Remote work has very suddenly become a hot topic and an incredibly important capability in the midst of the country’s battle with COVID-19.
The ability for organizations and entire teams to work remotely can mean the difference between work stoppage and continuation.
Nobody feels this more strongly than the US government. Government agencies have some of the most stringent cybersecurity requirements for working remotely. And today, many are feeling the sting of having to slow or halt work because not enough of their employees have the necessary equipment to work remotely.
This event has made painfully clear how much needs to change with our country’s ability to continue work when people can’t physically go into an office. There are potential events, aside from a pandemic, which may result in similar circumstances.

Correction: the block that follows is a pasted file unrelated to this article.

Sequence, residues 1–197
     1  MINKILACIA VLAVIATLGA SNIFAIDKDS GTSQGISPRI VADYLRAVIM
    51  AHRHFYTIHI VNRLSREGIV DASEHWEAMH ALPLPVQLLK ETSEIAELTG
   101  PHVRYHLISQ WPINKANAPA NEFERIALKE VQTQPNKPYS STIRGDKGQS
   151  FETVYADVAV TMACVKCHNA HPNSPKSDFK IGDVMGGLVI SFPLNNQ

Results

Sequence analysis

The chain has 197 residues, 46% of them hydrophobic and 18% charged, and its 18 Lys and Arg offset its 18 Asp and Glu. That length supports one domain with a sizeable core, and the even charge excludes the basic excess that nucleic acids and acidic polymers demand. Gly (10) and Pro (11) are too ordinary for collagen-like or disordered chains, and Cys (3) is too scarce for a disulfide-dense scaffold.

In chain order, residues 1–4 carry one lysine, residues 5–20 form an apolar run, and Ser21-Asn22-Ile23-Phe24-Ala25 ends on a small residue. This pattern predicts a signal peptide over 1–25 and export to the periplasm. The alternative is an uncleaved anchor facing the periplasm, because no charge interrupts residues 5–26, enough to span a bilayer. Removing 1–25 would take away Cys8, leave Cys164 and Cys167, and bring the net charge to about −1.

Causes aside, it is clear that there will be long-lasting and systemic changes to the way government agencies, and the military itself, approach remote work in the future.
The current state of cybersecurity in the US government and military
There are many groups that this particular concern will affect. This includes military operators in all branches of the military, government agencies like the Department of Defense (DoD), and warfighting labs like the Defense Advanced Research Projects Agency (DARPA).
In each of these different areas, the overall approach to cybersecurity (and technology as a whole) is very similar, and each has the same pains. Understanding the current approach to cybersecurity helps us to see why change takes a long time and provides a bit of an explanation as to why we were less prepared than we should have been for remote work.